For certain special cases of meshes you can actually pre-sort them to always render in the correct order regardless of viewing direction. For instance, say you have a transparent sphere that you wanted to be "double-sided" so that you can see both the front and the back of the sphere. A common way to do this is to duplicate all of the faces and flip the winding order so that they show up when back-facing. If you duplicate and append them to the end of the index buffer you get the wrong sorting order, since the front will render before the back. But if you append it to the beginning of the index buffer, the back faces will render first and the front faces will render second giving you the correct blending order.

That is a great way to indicate how this works - and it solidifies the concept in my mind.  Thanks for the example and the clarification!

Jason Zink :: DirectX MVP

Direct3D 11 engine on CodePlex: Hieroglyph 3

Games: Lunar Rift

### #17Hodgman  Moderators

Posted 28 March 2013 - 08:06 PM

Ahh, shoot. The whole time I meant 'concave', so it would have overlapping triangles....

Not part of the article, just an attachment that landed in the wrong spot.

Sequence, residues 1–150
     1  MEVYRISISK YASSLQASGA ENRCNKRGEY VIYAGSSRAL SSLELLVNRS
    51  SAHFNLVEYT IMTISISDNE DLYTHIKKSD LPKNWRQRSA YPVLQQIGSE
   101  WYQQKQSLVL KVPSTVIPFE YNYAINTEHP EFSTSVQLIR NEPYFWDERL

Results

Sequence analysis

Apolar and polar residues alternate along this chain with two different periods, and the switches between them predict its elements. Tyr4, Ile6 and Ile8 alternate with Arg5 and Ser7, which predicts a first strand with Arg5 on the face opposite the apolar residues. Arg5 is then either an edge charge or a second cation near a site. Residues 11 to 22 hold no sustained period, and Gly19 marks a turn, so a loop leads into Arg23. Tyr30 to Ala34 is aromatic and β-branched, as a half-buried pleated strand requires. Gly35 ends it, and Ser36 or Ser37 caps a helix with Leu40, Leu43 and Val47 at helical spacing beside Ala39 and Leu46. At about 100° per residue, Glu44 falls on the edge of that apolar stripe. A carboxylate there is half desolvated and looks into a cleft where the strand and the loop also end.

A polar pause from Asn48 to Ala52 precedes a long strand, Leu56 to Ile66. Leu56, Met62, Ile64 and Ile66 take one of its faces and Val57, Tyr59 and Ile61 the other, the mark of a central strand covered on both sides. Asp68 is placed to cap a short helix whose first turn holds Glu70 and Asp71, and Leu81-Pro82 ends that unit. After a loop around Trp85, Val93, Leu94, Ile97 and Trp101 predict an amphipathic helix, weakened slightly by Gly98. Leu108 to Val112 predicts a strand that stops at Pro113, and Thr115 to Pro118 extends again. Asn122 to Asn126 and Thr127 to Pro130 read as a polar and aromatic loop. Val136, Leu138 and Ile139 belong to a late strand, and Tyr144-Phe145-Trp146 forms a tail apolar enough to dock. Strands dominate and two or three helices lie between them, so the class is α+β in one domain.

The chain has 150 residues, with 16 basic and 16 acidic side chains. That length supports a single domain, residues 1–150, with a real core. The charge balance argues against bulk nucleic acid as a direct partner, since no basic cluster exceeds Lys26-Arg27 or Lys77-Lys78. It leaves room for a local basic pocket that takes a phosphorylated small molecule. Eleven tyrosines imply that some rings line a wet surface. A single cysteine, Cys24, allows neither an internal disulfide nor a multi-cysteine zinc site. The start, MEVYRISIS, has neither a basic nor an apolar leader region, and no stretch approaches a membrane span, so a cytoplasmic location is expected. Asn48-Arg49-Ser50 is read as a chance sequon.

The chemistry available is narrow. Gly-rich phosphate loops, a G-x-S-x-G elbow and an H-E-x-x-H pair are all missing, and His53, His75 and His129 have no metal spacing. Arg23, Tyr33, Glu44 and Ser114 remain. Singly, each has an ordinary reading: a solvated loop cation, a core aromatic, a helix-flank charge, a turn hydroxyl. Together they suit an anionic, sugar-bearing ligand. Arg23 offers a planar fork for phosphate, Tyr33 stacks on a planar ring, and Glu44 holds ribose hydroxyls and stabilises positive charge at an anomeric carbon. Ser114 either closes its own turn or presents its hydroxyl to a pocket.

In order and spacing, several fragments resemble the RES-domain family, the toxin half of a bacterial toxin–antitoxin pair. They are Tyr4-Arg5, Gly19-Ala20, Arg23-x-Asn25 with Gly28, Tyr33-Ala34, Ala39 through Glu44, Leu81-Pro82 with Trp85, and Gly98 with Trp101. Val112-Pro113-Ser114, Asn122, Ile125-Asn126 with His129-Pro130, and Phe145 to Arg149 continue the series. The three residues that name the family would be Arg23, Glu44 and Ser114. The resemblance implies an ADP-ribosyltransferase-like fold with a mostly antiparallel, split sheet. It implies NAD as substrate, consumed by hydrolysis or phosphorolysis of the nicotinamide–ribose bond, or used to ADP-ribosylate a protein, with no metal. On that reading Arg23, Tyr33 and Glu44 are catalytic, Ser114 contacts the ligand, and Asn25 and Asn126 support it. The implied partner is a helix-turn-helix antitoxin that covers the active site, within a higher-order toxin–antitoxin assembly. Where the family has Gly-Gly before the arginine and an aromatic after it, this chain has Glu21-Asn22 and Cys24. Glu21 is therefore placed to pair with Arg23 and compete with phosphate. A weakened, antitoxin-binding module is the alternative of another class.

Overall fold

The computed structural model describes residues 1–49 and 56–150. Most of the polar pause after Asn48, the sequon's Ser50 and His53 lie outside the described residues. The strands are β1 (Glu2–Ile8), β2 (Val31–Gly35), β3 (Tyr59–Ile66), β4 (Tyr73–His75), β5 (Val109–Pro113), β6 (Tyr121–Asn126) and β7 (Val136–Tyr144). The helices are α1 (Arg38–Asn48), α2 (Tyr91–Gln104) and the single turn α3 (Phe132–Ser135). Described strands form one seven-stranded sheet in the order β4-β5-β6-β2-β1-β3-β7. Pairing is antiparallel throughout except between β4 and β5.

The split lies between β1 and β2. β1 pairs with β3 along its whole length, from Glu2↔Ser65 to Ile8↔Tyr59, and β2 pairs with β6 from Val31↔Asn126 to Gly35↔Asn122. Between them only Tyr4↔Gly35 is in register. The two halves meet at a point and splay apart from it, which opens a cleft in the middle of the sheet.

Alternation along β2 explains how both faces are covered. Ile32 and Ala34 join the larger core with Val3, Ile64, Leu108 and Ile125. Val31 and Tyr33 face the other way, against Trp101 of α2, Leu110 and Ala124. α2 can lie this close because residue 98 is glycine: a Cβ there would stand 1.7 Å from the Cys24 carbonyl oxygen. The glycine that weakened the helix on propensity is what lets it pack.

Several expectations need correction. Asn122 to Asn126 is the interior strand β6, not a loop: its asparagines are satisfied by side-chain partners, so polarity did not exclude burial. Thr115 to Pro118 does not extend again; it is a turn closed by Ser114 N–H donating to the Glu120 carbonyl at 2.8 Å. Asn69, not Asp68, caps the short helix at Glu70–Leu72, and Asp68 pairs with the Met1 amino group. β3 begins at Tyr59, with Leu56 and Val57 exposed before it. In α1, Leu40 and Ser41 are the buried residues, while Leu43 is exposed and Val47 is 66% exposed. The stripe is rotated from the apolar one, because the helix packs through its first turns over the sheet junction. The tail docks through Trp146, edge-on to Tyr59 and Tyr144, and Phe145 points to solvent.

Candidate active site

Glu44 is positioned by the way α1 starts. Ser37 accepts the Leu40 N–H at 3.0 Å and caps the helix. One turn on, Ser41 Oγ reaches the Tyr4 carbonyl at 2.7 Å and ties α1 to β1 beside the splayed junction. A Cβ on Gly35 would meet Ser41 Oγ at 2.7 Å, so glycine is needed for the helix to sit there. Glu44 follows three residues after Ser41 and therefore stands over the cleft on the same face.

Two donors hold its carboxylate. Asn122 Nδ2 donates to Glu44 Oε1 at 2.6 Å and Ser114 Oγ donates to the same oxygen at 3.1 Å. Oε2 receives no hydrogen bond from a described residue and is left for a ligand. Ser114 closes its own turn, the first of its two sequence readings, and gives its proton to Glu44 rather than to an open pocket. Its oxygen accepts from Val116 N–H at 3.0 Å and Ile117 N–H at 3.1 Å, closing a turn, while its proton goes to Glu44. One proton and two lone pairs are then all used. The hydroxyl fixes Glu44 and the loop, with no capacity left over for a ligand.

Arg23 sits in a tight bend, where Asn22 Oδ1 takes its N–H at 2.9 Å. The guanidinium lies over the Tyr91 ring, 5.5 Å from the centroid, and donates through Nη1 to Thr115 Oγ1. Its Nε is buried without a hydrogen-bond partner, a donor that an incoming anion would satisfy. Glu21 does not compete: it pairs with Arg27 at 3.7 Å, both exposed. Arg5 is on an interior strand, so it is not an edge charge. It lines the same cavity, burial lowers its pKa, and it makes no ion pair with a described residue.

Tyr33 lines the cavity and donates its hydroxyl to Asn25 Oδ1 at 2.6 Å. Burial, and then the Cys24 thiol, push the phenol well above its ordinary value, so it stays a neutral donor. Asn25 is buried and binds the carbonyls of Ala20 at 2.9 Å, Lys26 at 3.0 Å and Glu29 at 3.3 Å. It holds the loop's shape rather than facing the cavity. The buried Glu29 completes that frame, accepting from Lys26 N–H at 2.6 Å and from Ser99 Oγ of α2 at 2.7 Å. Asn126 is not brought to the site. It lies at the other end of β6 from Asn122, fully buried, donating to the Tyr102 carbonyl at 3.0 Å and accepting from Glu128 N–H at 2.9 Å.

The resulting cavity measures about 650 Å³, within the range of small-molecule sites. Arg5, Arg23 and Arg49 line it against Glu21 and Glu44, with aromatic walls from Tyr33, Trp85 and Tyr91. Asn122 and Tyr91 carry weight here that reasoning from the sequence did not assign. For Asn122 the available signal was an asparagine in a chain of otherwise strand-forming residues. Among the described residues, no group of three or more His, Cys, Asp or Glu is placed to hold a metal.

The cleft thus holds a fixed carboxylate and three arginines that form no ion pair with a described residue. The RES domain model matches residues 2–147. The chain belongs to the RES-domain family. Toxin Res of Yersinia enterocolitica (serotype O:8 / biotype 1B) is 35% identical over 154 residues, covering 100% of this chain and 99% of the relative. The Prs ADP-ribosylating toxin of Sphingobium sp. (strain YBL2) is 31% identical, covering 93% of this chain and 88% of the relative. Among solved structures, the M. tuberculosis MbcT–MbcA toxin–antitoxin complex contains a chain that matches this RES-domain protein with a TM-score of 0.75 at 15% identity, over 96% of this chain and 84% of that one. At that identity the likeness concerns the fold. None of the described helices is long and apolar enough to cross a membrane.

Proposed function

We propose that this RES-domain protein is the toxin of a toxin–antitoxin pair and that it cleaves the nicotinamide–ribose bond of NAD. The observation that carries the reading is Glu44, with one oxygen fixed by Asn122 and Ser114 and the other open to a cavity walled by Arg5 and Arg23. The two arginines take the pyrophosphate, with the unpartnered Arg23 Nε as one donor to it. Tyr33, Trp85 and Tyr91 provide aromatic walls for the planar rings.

### #18MaxDZ8  Members

Posted 29 March 2013 - 03:34 AM

Thank you guys, for pointing this out! This simplifies a lot of things.

Where is this documented? I'm reading some D3D11 documentation but I'm afraid I'm missing the place where it is noted.

Now that you write this, I think I recall a program which actually sorted all its particles.

Previously "Krohm"

### #19Jason Z  Members

Posted 29 March 2013 - 04:45 AM

Thank you guys, for pointing this out! This simplifies a lot of things.

Where is this documented? I'm reading some D3D11 documentation but I'm afraid I'm missing the place where it is noted.

Now that you write this, I think I recall a program which actually sorted all its particles.

Transparent, non connected geometry that is at different depths will still need to be sorted - only the convex geometry (i.e. one contiguous object) won't have an issue, but separated particles would be a different story since the transparent pixels would likely be blended in different orders depending on the view direction.

Sorry to have misled you...

Jason Zink :: DirectX MVP

Direct3D 11 engine on CodePlex: Hieroglyph 3

Games: Lunar Rift

### #20MaxDZ8  Members

Posted 29 March 2013 - 09:18 AM

It would work anyway I guess! It's index order only.

In "foliage rendering in pure" they make use of this property in terrain grass rendering, by having a "tile" of 3D grass planes, with 8 index buffers, which each represent the planes as sorted correctly for 8 different viewing directions. When rendering, they pick the index buffer that has the most correct sorting order for the current view direction, which gives them almost correct back-to-front triangle sorting within each batch of grass.

Previously "Krohm"